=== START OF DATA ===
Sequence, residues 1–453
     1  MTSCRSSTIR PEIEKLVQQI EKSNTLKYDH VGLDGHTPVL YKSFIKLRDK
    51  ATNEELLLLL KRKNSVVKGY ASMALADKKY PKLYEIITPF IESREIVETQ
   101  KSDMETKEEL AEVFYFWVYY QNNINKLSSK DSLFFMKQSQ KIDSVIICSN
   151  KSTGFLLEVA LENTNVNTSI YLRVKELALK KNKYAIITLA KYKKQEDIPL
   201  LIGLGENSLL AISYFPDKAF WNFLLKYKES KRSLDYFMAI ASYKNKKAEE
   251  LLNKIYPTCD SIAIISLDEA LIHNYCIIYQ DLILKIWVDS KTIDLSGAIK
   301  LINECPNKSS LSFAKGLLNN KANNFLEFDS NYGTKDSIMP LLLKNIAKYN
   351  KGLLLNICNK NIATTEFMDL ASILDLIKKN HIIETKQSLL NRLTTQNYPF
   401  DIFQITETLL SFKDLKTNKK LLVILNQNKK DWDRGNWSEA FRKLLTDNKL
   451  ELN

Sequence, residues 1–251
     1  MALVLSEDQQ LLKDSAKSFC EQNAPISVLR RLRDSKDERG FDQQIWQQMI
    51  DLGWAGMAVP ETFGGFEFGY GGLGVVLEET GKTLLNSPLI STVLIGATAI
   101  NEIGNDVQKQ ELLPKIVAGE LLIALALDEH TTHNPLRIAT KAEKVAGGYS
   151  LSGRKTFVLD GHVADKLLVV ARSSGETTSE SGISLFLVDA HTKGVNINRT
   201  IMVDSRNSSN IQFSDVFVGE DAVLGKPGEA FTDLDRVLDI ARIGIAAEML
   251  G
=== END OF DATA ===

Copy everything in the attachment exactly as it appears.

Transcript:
Sequence, residues 1–453
     1  MTSCRSSTIR PEIEKLVQQI EKSNTLKYDH VGLDGHTPVL YKSFIKLRDK
    51  ATNEELLLLL KRKNSVVKGY ASMALADKKY PKLYEIITPF IESREIVETQ
   101  KSDMETKEEL AEVFYFWVYY QNNINKLSSK DSLFFMKQSQ KIDSVIICSN
   151  KSTGFLLEVA LENTNVNTSI YLRVKELALK KNKYAIITLA KYKKQEDIPL
   201  LIGLGENSLL AISYFPDKAF WNFLLKYKES KRSLDYFMAI ASYKNKKAEE
   251  LLNKIYPTCD SIAIISLDEA LIHNYCIIYQ DLILKIWVDS KTIDLSGAIK
   301  LINECPNKSS LSFAKGLLNN KANNFLEFDS NYGTKDSIMP LLLKNIAKYN
   351  KGLLLNICNK NIATTEFMDL ASILDLIKKN HIIETKQSLL NRLTTQNYPF
   401  DIFQITETLL SFKDLKTNKK LLVILNQNKK DWDRGNWSEA FRKLLTDNKL
   451  ELN

Sequence, residues 1–251
     1  MALVLSEDQQ LLKDSAKSFC EQNAPISVLR RLRDSKDERG FDQQIWQQMI
    51  DLGWAGMAVP ETFGGFEFGY GGLGVVLEET GKTLLNSPLI STVLIGATAI
   101  NEIGNDVQKQ ELLPKIVAGE LLIALALDEH TTHNPLRIAT KAEKVAGGYS
   151  LSGRKTFVLD GHVADKLLVV ARSSGETTSE SGISLFLVDA HTKGVNINRT
   201  IMVDSRNSSN IQFSDVFVGE DAVLGKPGEA FTDLDRVLDI ARIGIAAEML
   251  G